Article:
Amplified Bible

Acts 18

Paul at Corinth

1After this Paul left Athens and went to Corinth. There he met a Jew named Aquila, a native of Pontus, who had recently come from Italy with his wife, Priscilla, because [the Roman Emperor] Claudius had issued an edict that all the [a]Jews were to leave Rome. Paul went to see them, and because he was of the same trade, he stayed with them; and they worked together for they were tent-makers. And he reasoned and debated in the synagogue every Sabbath, trying to persuade Jews and Greeks;

but when Silas and Timothy came down from Macedonia (northern Greece), Paul began devoting himself completely to [preaching] the word, and solemnly testifying to the Jews that Jesus is the Christ (the Messiah, the Anointed). But since the Jews kept resisting and opposing him, and blaspheming [God], he [b]shook out his robe and said to them, “Your blood (damnation) be on your own heads! I am innocent of it. From now on I will go to the Gentiles.” Then he moved on from there and went to the house of a man named [c]Titius Justus, who worshiped God and whose house was next door to the synagogue. Crispus, the leader of the synagogue, believed in the Lord together with his entire household [joyfully acknowledging Him as Messiah and Savior]; and many of the Corinthians who heard [Paul’s message] were believing and being baptized. One night the Lord said to Paul in a vision, “Do not be afraid anymore, but go on speaking and do not be silent; 10 for I am with you, and no one will attack you in order to hurt you, because I have many people in this city.” 11 So he settled there for a year and six months, teaching them the word of God [concerning eternal salvation through faith in Christ].

12 But when [d]Gallio was proconsul of Achaia (southern Greece), the Jews made a united attack on Paul and brought him before [e]the judgment seat, 13 declaring, “This man is persuading people to worship God in violation of the law [of Moses].” 14 But when Paul was about to reply, Gallio said to the Jews, “If it were a matter of some misdemeanor or serious crime, O Jews, I would have reason to put up with you; 15 but since it is merely a question [of doctrine within your religion] about words and names and your own law, see to it yourselves; I am [f]unwilling to judge these matters.” 16 And he drove them away from the judgment seat. 17 Then the Greeks all seized [g]Sosthenes, the leader of the synagogue, and began beating him right in front of the judgment seat; but Gallio paid no attention to any of this.

18 Paul stayed for a while longer, and then told the [h]brothers and sisters goodbye and sailed for Syria; and he was accompanied by Priscilla and Aquila. At Cenchrea [the southeastern port of Corinth] he had his hair cut, because he was keeping a [Nazirite] vow [of abstention]. 19 Then they arrived in Ephesus, and he left the others there; but he entered the synagogue and reasoned and debated with the Jews. 20 When they asked him to stay for a longer time, he refused; 21 but after telling them goodbye and saying, “I will return again if God is willing,” he set sail from Ephesus.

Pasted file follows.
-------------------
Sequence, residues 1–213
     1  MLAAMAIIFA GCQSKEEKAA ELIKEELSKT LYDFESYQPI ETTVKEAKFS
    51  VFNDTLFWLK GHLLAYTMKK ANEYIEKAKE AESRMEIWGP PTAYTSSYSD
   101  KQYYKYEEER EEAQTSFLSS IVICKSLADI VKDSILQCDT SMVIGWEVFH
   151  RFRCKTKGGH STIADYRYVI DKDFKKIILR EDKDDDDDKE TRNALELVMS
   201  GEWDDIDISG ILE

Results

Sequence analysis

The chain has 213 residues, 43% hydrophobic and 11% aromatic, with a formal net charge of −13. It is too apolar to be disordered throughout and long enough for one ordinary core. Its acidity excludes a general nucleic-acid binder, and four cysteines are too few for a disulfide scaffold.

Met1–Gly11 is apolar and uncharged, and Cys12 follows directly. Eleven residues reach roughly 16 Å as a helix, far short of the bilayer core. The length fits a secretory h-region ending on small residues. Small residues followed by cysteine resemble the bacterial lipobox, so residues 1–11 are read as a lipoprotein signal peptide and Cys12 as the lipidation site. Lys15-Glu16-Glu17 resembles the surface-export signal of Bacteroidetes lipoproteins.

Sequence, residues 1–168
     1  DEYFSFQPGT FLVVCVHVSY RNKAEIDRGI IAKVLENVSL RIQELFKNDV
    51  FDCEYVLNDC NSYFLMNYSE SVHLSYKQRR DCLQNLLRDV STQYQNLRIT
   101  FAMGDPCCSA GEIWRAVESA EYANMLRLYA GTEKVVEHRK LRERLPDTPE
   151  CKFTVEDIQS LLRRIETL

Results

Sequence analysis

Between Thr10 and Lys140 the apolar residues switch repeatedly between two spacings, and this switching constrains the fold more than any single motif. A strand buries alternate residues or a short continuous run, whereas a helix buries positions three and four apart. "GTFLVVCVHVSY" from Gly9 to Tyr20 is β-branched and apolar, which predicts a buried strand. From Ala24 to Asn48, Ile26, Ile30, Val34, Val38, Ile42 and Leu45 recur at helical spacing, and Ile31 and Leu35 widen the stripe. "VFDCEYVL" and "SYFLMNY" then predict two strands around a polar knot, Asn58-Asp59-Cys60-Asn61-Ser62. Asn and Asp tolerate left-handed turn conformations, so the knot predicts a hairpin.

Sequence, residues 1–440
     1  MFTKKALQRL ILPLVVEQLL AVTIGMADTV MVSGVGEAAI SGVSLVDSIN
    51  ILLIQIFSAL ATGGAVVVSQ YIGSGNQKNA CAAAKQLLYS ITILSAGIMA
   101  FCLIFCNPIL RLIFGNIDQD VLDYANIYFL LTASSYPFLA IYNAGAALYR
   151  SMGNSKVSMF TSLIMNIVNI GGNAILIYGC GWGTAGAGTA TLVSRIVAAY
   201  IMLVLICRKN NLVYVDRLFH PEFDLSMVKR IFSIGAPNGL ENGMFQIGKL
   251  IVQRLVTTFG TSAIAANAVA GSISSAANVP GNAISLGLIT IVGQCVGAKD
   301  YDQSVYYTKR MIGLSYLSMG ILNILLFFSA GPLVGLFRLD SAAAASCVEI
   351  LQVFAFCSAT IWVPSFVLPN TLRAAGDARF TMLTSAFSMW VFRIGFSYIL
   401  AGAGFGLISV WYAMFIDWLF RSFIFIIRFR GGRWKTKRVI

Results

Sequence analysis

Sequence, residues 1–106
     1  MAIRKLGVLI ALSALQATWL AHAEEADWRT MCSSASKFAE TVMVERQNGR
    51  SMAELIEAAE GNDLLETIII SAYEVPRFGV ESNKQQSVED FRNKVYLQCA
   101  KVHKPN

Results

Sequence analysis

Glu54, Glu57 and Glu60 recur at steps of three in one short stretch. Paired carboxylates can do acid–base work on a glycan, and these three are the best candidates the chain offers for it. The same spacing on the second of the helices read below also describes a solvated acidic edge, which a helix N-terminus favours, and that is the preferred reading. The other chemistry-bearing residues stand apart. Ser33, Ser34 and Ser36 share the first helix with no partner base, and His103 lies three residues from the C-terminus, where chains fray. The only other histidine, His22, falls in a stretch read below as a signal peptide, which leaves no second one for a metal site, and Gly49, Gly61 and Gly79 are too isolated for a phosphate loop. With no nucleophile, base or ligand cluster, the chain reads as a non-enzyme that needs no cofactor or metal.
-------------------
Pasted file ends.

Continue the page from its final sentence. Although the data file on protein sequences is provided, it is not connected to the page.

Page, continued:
22 When he had landed at Caesarea, he went up and [i]greeted the church [at Jerusalem], and then went down to Antioch.

Paul’s Third Missionary Journey

23 After spending some time there, he left and traveled through the territory of Galatia and Phrygia, strengthening and encouraging all the disciples.

24 Now a Jew named Apollos, a native of Alexandria, came to Ephesus. He was an eloquent and cultured man, and well versed in the [Hebrew] Scriptures. 25 This man had been instructed in the way of the Lord, and being spiritually impassioned, he was speaking and teaching accurately the things about Jesus, though he knew only the baptism of John; 26 and he began to speak boldly and fearlessly in the synagogue. But when Priscilla and Aquila heard him, they took him aside and explained more accurately to him the way of God [and the full story of the life of Christ]. 27 And when Apollos wanted to go across to Achaia (southern Greece), the brothers encouraged him and wrote to the disciples, [urging them] to welcome him gladly. When he arrived, he was a great help to those who, through grace, had believed and had followed Jesus as Lord and Savior, 28 for he powerfully refuted the Jews in public discussions, proving by the Scriptures that Jesus is the Christ (the Messiah, the Anointed).

Notas al pie

  1. Acts 18:2 This action may have been prompted by conflicts within the Jewish community caused by the spread of Christianity.
  2. Acts 18:6 An act symbolizing rejection.
  3. Acts 18:7 One early ms reads Titus; two early mss omit the name.